TIME, usually a reliable source of information, got this story wrong. “The U.S. Food and Drug Administration warned that products labeled ‘100% Parmesan’ might actually contain cheese substitutes like wood pulp.” Actually, the FDA did not issue any such warning. In 2012 it did send a letter to Castle Cheese, claiming the company’s grated Parmesan contained more cellulose than the two percent that is commonly allowed as an anti-clumping agent. There was no mention of wood pulp. Then, in 2016, Bloomberg News commissioned a study of grated Parmesan cheeses and found that some contained up to eight percent cellulose. “The Parmesan Cheese You Sprinkle on Your Penne Could Be Wood,” screamed the Bloomberg headline, setting the blogosphere on fire. The wood connection sprang from the imagination of an overeager headline writer. Yes, cellulose can come from wood pulp but it can also come from asparagus or any plant material. Its origin is irrelevant.

Cellulose is the most prevalent organic compound in the world. It is the basic structural material of the cell walls of plants, making up some two to four percent by weight of all fruits and vegetables. The human body doesn’t care if the ingested cellulose originated in wood pulp or in an apple. 

We cannot digest cellulose, meaning that, unlike ruminants such as cows, we cannot break it down into fundamental absorbable components. For us, cellulose is a form of fibre, which is important for the health of our colon. Bran, widely regarded as “healthy” because of its fibre content, contains about 35 percent cellulose. The increased bulk provided in the stomach and the intestines by cellulose has been associated with appetite suppression, which is why many diets recommend foods with a high fibre content. So finding cellulose in grated cheese is absolutely a non-issue in terms of any negative health effect. Indeed, you could eat pure cellulose and the only problem you might encounter is an increased frequency of bathroom visits.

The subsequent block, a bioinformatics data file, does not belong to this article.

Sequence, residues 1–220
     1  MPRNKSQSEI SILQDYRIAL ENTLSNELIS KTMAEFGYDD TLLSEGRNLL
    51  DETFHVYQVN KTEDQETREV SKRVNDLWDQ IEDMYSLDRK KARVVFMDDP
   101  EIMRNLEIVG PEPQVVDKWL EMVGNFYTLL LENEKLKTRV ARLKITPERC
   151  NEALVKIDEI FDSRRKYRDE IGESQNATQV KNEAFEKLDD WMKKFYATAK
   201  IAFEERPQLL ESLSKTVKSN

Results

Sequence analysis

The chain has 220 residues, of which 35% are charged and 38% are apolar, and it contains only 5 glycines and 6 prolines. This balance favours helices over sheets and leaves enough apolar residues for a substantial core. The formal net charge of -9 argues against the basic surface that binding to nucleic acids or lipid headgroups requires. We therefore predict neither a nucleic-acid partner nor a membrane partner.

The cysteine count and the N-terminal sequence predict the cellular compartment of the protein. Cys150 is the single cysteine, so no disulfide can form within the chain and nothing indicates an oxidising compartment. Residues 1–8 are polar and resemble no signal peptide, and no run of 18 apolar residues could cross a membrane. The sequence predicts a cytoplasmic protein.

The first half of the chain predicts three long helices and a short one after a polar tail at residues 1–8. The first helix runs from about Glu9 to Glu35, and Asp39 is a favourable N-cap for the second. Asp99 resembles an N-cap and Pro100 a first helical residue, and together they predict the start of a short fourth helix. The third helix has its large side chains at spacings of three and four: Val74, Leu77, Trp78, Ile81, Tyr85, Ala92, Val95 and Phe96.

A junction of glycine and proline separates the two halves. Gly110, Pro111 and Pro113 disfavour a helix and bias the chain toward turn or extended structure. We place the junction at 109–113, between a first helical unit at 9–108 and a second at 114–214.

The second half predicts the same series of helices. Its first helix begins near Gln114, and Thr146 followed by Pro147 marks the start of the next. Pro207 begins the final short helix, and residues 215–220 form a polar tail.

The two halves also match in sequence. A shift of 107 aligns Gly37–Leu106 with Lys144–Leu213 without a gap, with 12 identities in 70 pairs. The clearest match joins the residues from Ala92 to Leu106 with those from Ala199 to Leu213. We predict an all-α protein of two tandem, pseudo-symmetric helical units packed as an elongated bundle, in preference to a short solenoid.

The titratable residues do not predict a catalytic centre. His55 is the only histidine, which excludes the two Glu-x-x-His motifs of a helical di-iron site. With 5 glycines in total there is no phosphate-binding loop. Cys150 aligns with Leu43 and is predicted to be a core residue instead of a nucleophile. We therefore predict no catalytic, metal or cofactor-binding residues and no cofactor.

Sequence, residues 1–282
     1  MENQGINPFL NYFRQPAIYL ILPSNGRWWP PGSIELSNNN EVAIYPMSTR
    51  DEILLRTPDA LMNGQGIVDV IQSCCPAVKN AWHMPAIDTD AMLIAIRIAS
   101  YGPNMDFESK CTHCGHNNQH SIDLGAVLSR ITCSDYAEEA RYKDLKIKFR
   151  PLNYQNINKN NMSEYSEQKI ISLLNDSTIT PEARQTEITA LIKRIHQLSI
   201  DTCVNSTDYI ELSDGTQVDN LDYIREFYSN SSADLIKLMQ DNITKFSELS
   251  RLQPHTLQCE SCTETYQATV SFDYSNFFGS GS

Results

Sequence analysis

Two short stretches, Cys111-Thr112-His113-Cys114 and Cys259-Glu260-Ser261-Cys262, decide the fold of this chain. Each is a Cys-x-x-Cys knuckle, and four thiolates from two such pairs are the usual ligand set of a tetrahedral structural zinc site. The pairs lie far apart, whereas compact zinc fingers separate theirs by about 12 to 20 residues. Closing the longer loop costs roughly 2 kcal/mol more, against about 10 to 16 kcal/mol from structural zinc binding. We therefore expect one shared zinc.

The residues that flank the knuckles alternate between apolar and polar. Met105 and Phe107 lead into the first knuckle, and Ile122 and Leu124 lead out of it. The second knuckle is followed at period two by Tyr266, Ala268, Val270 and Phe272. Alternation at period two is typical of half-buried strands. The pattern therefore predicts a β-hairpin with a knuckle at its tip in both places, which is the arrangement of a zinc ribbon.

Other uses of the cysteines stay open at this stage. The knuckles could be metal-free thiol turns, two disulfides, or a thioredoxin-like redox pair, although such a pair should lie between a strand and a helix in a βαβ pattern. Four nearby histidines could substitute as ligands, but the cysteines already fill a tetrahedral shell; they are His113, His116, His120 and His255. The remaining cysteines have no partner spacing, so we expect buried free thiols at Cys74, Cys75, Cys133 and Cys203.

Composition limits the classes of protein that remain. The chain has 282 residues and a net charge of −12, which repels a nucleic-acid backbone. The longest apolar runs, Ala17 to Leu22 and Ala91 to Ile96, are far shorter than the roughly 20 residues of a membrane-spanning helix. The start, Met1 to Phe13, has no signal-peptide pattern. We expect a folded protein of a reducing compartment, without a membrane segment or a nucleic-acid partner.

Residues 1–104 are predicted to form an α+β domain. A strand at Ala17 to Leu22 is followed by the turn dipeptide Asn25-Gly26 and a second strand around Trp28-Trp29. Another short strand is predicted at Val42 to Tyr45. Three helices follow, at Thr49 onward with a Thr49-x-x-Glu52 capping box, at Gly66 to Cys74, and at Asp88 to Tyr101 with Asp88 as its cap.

Why do we find cellulose in some grated cheeses? Because it prevents the cheese particles from clumping and makes for easier pouring. But it isn’t right to add more cellulose than is allowed, especially if it is done to increase profits. Cellulose is cheaper than cheese and adding it as a filler is fraud as customers are not getting what they think they are getting. 

A bigger issue, however, is that when people think they are buying real Parmesan, they may be getting something else. Parmesan comes from the Parma region in Italy and cannot contain anything but unpasteurized milk that is less than 20 hours from cow to cheese, rennet and salt. Rennet is the mixture of enzymes derived from the stomach of calves that turns milk into curds. If a cow is ill and requires treatment with antibiotics, its milk cannot be used. No hormones that increase milk production can be administered. Even the diet of the cows is regulated. No silage, which is fermented stored crops, is allowed.  

How can you tell if you are getting authentic Parmesan cheese? Look for Parmigiano Reggiano on the label and printed on the rind. But in Canada and the United States there are all sorts of grated cheeses sold under the name Parmesan because, unlike Europe, it is not a protected name. There have been cases where Parmesan was actually found to be a mixture of cheeses like mozzarella, Swiss and cheddar — with a dose of cellulose thrown in. The US Department of Justice prosecuted Castle Cheese for the adulteration and misbranding of cheese products, driving the company into bankruptcy. 

Again, this is not a health issue but people were being misled because they thought they were getting authentic Parmesan cheese when they were not. The imitations do not offer the same taste as Parmigiano Reggiano, which has the second highest concentration of glutamic acid after Roquefort. Glutamic acid and its salts provide a taste referred to as umami, familiar to people as the taste produced by MSG. Of course because in this case glutamic acid is naturally occurring, it doesn’t raise the ire of the anti-MSG crowd. Bottom line? I do not decide on the nature of my grated cheese based on whether it contains cellulose or not. I decide on taste. And Parmigiano Reggiano tastes better than the imitations. Furthermore you can use the rind in soup. Yum.  

Joe Schwarcz is the director of McGill­ University­’s Office for Science and Society. Read his blog at www.mcgill.ca/oss.